Liberalism’s view over the years has evolved and so as a result different liberals have different views on the state and how “large” it should be. Over the years the trend has fir liberals to become more “state-friendly” moving from classical liberals who preached for fragmented government to modern liberals who were state friendly, however since the 1960’s/70’s Neo liberals have tried to reverse this trend.
Classical liberals such as John Locke, “the father of liberalism”, have argued that in order for the state to achieve and uphold its core principles such as individualism and liberty then the frontiers of the state should be rolled back and state power curbed, …show more content…
It goes both ways on whether the state should be minimised or not as there are risks that if the state was to be minimised rights could be infringed upon however if the state is not minimised then such core priciples such as individualism and liberty may be encroached upon.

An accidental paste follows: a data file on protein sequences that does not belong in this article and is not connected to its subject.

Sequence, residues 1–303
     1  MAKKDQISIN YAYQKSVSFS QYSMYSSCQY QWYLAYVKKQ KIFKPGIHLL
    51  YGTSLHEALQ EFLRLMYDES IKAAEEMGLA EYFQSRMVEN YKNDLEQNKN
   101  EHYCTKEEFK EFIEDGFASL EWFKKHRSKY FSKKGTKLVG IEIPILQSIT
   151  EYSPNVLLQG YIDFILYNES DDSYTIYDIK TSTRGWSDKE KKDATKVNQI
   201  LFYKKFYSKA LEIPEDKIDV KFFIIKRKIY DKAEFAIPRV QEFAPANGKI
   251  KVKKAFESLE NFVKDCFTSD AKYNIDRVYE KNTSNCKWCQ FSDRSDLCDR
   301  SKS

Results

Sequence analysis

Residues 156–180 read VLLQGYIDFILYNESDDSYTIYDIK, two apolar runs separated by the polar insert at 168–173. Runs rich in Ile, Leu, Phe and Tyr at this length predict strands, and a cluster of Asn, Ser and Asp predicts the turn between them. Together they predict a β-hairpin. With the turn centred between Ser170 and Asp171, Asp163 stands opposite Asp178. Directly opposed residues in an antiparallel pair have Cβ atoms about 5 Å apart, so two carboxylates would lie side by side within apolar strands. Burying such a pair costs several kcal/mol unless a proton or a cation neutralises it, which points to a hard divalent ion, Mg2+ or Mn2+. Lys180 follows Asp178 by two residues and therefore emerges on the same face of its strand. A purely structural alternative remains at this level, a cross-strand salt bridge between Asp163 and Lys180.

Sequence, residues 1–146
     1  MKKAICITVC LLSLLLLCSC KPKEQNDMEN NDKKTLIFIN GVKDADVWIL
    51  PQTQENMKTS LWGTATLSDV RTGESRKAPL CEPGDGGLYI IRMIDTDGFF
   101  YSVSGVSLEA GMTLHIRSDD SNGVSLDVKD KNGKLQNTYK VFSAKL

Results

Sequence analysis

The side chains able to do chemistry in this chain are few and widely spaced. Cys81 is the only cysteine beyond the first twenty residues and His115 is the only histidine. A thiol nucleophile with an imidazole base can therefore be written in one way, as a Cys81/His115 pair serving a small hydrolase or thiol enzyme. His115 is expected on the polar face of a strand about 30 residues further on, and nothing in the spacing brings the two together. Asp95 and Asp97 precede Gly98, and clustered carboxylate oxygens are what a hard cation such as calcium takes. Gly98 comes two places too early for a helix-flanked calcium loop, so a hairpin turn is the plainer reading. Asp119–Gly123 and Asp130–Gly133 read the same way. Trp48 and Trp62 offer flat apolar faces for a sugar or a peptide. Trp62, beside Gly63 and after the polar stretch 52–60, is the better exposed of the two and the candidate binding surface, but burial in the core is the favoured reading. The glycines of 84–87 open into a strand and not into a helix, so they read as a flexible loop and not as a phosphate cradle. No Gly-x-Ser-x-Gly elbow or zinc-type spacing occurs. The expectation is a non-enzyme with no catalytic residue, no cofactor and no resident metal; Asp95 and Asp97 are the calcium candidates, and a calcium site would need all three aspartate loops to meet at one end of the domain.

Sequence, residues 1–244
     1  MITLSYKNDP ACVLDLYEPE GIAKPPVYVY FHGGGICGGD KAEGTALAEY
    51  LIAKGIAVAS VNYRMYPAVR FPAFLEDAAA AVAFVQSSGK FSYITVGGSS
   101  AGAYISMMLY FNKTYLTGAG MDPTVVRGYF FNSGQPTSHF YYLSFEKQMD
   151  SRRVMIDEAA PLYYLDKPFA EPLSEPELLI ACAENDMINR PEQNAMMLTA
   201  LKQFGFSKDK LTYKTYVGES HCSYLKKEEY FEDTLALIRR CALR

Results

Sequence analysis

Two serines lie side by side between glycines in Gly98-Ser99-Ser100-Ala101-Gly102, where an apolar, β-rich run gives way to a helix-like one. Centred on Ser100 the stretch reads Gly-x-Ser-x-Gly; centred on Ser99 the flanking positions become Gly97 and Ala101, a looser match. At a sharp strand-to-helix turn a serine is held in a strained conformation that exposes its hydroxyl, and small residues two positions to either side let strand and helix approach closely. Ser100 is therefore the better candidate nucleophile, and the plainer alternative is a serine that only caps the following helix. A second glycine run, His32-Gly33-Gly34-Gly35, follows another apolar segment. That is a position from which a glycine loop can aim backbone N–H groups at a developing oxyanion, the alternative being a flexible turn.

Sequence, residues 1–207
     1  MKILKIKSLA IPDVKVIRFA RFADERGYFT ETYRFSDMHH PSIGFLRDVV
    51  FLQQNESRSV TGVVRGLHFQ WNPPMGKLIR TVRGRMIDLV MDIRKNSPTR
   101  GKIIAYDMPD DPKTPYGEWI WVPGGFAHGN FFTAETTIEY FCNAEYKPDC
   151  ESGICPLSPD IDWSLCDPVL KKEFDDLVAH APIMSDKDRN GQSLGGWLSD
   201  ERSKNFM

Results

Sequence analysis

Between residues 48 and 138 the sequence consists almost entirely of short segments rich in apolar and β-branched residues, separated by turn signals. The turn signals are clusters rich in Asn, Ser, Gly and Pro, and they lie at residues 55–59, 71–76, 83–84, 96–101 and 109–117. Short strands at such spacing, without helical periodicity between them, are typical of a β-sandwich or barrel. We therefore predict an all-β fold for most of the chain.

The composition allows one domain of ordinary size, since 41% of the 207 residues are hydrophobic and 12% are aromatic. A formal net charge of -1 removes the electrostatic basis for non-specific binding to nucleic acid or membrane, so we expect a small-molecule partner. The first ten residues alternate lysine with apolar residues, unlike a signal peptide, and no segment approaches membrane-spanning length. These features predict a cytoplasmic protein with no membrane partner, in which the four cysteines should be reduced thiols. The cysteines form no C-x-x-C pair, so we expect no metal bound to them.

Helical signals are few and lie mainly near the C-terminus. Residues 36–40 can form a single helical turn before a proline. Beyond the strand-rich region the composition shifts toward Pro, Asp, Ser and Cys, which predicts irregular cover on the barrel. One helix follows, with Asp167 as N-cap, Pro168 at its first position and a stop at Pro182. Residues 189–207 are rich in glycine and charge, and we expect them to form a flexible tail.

Modern Liberals are completely different to classical liberals in the sense that they believed in positive freedom, and the more the state did they could ‘enable and empower’ the individual to do more and it is through the empowering of the individual that individuality can be achieved as the state will be able to maximise the individual and make them achieve their full potential making them more free than if they weren’t able to do everything they could due to the state being rolled back. New liberals argue that the biggest threat to freedom isn’t the state and that social and economic reasons are why people aren’t able to do all that they want to and so as believers in positive freedom the state would have failed. Whereas classical liberals just wanted equality before the law and as a result a large state wasnt needed, modern liberals would argue that ‘extended equality’ was needed before